Craig Ferguson will spend tomorrow's future yesterdays (as his theme song proclaims) somewhere other than "The Late Late Show." Friday was his last hoorah after a decade as host of the CBS talk show.
And what did we learn (as Ferguson is fond of posing at the end of each hour)? Maybe that it was Bob Newhart all those years disguised as Secretariat the Pantomime Horse?
Secretariat has long been a popular member of the "Late Late Show" stable, but proper credit was never given to the people who brought him to life. That mystery was answered — well, sort of — in the finale.
As Ferguson chatted with his robot sidekick, Geoff, he pondered who it might be inside the horse costume.
"Lift up your head, let's see who you really are," he called across to Secretariat, who was watching from his stall, stage left. Off came the head of the costume to reveal Bob Newhart.
"What are you doing here?" the astonished Ferguson asked.
"Hey, guy, it's YOUR dream," replied the comedy legend, spoofing the classic final scene from his sitcom, "Newhart," a quarter-century ago.
In this case, Ferguson woke up from his dream in bed beside Drew Carey. Had his entire 10 years on "The Late Late Show" all been imagined?
Ferguson's going-away party also featured former "Tonight Show" host Jay Leno as his sole guest.
"Just two guys with nothing to do," summed up Ferguson.
"They may take our talk shows," Leno chimed in, "but they will never take our freedom!"
The show kicked off with a pre-taped rendition of "Bang Your Drum," a song by the Scottish band Dead Man Fall, with Ferguson accompanied by dozens of celebs (many of them former guests) including Matthew McConaughey, Betty White, Samuel L. Jackson, Larry King, Regis Philbin, Jane Lynch, Quentin Tarantino, Jimmy Kimmel, William Shatner and even Archbishop Desmond Tutu.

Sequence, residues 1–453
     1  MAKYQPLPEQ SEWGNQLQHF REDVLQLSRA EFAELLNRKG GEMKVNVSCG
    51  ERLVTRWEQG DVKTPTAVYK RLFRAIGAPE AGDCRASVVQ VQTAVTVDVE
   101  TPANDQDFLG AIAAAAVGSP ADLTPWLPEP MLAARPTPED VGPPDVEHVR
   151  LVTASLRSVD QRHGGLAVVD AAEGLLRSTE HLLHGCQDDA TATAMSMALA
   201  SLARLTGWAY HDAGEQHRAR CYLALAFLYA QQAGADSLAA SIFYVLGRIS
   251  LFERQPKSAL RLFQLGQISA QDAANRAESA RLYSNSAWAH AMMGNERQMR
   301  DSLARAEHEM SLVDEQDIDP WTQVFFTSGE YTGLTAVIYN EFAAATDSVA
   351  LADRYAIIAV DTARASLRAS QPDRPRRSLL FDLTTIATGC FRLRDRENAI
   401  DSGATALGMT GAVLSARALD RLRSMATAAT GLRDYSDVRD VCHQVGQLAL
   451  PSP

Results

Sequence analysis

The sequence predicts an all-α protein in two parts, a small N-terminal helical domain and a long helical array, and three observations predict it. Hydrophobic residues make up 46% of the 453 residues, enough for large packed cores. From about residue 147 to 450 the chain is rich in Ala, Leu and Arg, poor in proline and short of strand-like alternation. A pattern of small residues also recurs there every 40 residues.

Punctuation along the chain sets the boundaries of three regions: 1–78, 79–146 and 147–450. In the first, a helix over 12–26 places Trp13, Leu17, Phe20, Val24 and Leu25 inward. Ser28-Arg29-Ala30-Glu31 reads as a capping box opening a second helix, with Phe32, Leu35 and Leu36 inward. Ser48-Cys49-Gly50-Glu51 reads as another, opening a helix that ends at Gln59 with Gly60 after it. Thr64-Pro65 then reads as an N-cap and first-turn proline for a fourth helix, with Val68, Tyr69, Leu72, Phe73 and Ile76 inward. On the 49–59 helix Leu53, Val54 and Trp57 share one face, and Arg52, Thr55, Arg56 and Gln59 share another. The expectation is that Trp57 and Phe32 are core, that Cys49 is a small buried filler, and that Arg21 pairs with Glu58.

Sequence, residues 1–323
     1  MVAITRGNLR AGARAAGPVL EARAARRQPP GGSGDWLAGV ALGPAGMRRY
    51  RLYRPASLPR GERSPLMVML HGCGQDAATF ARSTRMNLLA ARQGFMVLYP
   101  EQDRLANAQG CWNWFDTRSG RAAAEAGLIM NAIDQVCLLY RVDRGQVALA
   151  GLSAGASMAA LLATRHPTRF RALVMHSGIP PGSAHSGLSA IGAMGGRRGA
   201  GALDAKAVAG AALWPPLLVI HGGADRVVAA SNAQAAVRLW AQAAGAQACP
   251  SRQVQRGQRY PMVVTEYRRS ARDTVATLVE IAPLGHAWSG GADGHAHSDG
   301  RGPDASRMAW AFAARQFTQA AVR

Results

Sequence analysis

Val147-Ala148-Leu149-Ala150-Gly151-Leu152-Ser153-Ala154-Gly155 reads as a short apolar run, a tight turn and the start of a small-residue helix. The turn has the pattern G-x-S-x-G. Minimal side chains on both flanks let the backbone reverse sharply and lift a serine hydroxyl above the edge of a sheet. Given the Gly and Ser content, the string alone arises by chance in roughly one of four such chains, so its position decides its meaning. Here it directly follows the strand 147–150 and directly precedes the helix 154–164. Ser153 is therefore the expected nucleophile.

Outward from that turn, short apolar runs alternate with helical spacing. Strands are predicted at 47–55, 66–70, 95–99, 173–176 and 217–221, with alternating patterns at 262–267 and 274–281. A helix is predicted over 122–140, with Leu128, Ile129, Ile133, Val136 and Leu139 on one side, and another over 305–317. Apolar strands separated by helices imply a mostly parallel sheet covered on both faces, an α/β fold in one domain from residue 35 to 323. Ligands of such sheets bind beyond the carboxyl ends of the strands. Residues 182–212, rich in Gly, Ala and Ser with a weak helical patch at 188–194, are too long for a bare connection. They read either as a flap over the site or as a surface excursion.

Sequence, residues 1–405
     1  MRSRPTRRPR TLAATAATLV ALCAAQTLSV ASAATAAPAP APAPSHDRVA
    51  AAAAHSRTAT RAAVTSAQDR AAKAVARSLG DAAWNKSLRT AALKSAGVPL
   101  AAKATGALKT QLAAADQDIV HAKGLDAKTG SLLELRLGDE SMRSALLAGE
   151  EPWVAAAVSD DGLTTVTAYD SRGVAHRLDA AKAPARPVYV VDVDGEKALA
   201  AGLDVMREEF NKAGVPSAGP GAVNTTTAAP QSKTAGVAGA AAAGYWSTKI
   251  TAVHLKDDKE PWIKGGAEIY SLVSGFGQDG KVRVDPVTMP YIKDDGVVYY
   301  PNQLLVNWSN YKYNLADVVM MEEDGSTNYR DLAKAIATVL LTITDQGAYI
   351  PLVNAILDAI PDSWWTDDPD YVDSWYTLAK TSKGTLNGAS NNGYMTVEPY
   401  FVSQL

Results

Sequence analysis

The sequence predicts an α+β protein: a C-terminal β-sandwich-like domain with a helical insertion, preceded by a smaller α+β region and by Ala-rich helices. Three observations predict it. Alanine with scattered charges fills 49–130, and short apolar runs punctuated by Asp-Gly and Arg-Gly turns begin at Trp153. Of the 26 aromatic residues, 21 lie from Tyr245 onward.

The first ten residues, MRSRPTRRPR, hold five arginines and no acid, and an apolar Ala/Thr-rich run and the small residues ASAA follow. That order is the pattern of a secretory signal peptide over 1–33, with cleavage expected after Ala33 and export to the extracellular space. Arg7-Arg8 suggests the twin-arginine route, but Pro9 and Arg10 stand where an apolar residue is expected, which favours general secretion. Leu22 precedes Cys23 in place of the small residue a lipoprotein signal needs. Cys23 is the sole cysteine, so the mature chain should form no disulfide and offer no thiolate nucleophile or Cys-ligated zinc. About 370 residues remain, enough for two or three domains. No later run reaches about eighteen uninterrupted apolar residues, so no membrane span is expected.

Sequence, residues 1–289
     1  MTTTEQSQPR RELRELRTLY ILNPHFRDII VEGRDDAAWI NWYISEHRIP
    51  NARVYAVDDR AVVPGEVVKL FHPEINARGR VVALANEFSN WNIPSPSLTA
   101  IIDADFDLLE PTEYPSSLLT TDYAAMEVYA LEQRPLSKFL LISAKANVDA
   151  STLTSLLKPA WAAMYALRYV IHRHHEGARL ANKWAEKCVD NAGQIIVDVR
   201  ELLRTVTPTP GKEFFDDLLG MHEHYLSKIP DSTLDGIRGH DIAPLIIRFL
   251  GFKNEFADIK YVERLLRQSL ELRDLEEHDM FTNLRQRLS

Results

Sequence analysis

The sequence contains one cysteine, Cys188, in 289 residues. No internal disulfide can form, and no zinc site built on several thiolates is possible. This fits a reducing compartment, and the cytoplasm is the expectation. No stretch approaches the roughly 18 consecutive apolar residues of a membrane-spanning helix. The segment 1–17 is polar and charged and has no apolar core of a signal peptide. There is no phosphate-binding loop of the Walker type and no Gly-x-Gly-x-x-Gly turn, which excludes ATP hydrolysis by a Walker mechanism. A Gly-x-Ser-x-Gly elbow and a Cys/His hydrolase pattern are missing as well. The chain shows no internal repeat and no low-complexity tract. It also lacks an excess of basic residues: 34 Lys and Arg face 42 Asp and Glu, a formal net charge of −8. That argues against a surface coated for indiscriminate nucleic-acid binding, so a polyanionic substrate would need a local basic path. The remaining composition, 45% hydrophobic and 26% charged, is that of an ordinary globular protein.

It then transitioned into the studio for a full production number with Ferguson backed by a rock band and choir.
Ferguson's send-off followed by a day the splashy exit of Stephen Colbert and his series "The Colbert Report" from Comedy Central after nine years on the air. Colbert is headed to CBS to take over "Late Show" from David Letterman, who retires May 20.
Taking Ferguson's place as host of "The Late Late Show": British actor-writer-comedian James Corden, who debuts March 23.
Now 52, the Scottish-born Ferguson came to "The Late Late Show" in January 2005 with a varied resume including punk-rock drummer, author, standup comic and actor. He had appeared in several films and wrote and starred in three, including the 2003 comedy "I'll Be There," which he also directed. At the time, he was best known as Nigel Wick, the imperious British boss on Carey's long-running ABC sitcom.
Carey will be among those filling in on "Late Late Show" before Corden arrives. Other scheduled guest hosts include Will Arnett, Wayne Brady, Jim Gaffigan, Billy Gardell and Sean Hayes.
But even though absent from late night in the future, Ferguson won't be absent from the airwaves. He continues as host of "Celebrity Name Game," a weekday syndicated game show launched this fall.
Allowing that "art is a very grand word," Ferguson said what he's tried to do with "The Late Late Show" is "make something that wasn't here before. So in that sense, maybe it IS a piece of art."
"Really, the show belongs to you," he told his audience, then cracked, "I hope you keep it, because I'm done with it!"